Painting is just another way of keeping a diary ~Pablo Picasso
Sunday, August 16, 2015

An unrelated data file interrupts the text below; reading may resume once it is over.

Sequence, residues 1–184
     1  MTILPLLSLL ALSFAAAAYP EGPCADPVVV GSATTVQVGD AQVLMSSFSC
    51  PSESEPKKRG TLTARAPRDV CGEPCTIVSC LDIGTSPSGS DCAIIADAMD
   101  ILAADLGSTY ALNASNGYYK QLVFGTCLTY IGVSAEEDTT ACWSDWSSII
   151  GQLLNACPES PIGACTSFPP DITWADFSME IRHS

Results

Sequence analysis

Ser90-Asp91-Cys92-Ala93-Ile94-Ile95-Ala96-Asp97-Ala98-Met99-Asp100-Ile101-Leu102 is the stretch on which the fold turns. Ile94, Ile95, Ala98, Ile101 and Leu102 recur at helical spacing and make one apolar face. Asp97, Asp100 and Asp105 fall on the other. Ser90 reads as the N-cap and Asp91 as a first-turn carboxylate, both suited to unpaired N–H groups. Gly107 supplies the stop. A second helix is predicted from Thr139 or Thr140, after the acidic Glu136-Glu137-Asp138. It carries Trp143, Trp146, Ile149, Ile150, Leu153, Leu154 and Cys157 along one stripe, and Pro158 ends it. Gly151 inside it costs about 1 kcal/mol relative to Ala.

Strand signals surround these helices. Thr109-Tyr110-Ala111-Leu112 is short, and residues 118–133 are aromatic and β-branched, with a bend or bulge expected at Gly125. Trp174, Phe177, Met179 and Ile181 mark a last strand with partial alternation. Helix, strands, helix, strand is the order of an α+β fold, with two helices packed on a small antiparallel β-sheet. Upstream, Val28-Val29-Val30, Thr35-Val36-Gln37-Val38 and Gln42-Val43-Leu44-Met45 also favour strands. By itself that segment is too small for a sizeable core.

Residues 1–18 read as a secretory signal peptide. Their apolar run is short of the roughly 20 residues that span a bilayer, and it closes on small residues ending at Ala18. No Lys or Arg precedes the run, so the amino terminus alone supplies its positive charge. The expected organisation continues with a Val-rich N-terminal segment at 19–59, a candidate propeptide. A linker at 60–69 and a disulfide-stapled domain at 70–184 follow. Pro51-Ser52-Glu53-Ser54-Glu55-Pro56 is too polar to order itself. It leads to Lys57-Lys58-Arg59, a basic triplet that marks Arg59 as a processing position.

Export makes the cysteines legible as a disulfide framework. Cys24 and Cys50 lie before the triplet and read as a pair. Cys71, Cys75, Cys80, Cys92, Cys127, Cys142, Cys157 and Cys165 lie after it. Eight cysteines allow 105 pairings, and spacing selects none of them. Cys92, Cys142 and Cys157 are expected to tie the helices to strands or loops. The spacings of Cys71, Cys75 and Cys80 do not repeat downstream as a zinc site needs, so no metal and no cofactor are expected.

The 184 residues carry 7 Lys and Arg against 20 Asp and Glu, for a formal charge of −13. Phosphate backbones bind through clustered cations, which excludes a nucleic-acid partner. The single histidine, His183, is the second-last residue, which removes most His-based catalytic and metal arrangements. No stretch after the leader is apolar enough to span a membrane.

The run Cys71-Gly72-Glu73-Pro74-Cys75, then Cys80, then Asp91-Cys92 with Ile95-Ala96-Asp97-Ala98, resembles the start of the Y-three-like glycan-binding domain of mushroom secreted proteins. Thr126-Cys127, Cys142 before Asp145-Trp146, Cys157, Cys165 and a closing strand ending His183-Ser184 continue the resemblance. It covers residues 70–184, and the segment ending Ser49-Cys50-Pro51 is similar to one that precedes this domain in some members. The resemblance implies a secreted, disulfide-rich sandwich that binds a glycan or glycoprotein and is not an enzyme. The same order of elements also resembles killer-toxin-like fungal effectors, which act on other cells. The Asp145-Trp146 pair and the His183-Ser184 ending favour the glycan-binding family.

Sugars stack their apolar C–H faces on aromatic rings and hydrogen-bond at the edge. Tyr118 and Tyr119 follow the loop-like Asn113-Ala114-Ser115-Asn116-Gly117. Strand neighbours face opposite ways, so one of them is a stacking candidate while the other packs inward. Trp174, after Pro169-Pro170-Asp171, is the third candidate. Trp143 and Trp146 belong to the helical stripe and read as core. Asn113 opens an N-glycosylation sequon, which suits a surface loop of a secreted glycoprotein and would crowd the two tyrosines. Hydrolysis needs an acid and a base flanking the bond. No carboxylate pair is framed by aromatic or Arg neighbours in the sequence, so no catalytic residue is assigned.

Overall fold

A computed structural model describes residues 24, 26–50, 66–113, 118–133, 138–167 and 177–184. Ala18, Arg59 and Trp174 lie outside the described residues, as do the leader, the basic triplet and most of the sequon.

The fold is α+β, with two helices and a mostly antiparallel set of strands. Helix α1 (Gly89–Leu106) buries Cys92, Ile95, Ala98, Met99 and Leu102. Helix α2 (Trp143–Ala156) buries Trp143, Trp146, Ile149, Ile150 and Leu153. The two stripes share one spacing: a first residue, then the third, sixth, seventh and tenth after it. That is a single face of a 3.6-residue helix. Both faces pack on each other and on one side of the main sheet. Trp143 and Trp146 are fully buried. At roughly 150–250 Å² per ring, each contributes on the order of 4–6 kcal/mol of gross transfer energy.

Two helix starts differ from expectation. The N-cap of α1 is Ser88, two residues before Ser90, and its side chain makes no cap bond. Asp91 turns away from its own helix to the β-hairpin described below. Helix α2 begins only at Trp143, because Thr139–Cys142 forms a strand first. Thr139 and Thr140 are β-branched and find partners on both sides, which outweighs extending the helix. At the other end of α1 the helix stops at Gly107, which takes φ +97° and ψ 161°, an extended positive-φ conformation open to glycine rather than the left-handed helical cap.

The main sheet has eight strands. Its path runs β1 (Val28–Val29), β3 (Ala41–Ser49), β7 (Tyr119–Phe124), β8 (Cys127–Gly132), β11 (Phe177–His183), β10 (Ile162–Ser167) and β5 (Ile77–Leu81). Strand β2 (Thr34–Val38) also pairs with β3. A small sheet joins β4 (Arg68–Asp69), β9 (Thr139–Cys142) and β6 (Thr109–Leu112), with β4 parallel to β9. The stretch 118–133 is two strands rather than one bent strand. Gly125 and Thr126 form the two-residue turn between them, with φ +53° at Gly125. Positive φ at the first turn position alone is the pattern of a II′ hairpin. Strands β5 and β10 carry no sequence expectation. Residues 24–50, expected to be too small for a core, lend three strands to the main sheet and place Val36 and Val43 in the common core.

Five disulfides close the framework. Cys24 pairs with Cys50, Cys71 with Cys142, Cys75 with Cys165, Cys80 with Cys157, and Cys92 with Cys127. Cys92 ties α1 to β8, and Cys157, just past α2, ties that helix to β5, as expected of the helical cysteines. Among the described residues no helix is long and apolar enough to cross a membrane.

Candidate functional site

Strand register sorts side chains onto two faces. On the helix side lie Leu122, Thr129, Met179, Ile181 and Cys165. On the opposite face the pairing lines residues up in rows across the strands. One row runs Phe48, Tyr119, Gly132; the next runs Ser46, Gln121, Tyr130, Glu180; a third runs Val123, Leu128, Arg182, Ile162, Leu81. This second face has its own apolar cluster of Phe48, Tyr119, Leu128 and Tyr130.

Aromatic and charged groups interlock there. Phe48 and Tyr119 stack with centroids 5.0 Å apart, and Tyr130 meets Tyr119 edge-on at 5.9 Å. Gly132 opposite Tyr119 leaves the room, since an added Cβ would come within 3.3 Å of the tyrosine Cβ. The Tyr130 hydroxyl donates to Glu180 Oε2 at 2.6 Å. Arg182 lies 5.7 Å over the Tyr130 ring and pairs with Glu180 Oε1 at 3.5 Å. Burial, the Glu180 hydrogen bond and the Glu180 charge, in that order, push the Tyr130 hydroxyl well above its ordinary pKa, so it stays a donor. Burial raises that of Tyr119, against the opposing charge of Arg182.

During our boat tour of Crater Lake, I was interested to learn that the lake is fed almost entirely by rain or snow in the caldera basin (this little waterfall was the only one I saw on our boat trip.) The average snowfall at Crater Lake is 43 feet. That's AVERAGE! Last year they only had 21 feet of snow, which still seems like an awful lot. The lake drains out slowly through an underground pumice section on one wall, so there is very little fluctuation in water level. Given its confined water source, the lake water is extremely pure. In fact, when the tour ended we filled our water bottles in the lake before our hike back up to the rim! It's this clarity that helps give Crater Lake its trademark blue. Water, without any sediments, algae, pollution, etc. can absorb all colors of the light spectrum except blue. And with 4.6 trillion gallons of water in the lake, there is a lot of blue to reflect! The area photographed here is in one of the few shallow sections near the shore. Our boat tour stopped here to talk about the water clarity, because it was so easy to see the lake bottom for a bit before it plunged over 1000 ft. Crater Lake holds the record for clarity. They measure it with a secchi disk, which looks like a pie with four alternating black and white slices. The disk is attached to a rope and lowered into the water. And the record for viewing the secchi disk is at a depth of 134 ft!